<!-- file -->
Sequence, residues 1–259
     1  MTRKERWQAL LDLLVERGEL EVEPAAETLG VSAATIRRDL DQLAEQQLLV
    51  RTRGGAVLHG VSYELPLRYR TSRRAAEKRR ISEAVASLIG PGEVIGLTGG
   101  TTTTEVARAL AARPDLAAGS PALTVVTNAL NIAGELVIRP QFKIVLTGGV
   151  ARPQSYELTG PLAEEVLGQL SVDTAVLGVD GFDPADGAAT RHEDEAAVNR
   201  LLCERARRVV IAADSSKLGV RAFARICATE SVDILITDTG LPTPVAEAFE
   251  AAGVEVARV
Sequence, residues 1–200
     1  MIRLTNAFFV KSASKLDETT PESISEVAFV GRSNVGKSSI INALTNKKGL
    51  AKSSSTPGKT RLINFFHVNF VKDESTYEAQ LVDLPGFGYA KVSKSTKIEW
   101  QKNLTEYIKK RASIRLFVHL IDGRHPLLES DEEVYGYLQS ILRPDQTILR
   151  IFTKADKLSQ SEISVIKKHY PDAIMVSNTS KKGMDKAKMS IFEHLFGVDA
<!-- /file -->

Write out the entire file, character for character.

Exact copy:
Sequence, residues 1–259
     1  MTRKERWQAL LDLLVERGEL EVEPAAETLG VSAATIRRDL DQLAEQQLLV
    51  RTRGGAVLHG VSYELPLRYR TSRRAAEKRR ISEAVASLIG PGEVIGLTGG
   101  TTTTEVARAL AARPDLAAGS PALTVVTNAL NIAGELVIRP QFKIVLTGGV
   151  ARPQSYELTG PLAEEVLGQL SVDTAVLGVD GFDPADGAAT RHEDEAAVNR
   201  LLCERARRVV IAADSSKLGV RAFARICATE SVDILITDTG LPTPVAEAFE
   251  AAGVEVARV
Sequence, residues 1–200
     1  MIRLTNAFFV KSASKLDETT PESISEVAFV GRSNVGKSSI INALTNKKGL
    51  AKSSSTPGKT RLINFFHVNF VKDESTYEAQ LVDLPGFGYA KVSKSTKIEW
   101  QKNLTEYIKK RASIRLFVHL IDGRHPLLES DEEVYGYLQS ILRPDQTILR
   151  IFTKADKLSQ SEISVIKKHY PDAIMVSNTS KKGMDKAKMS IFEHLFGVDA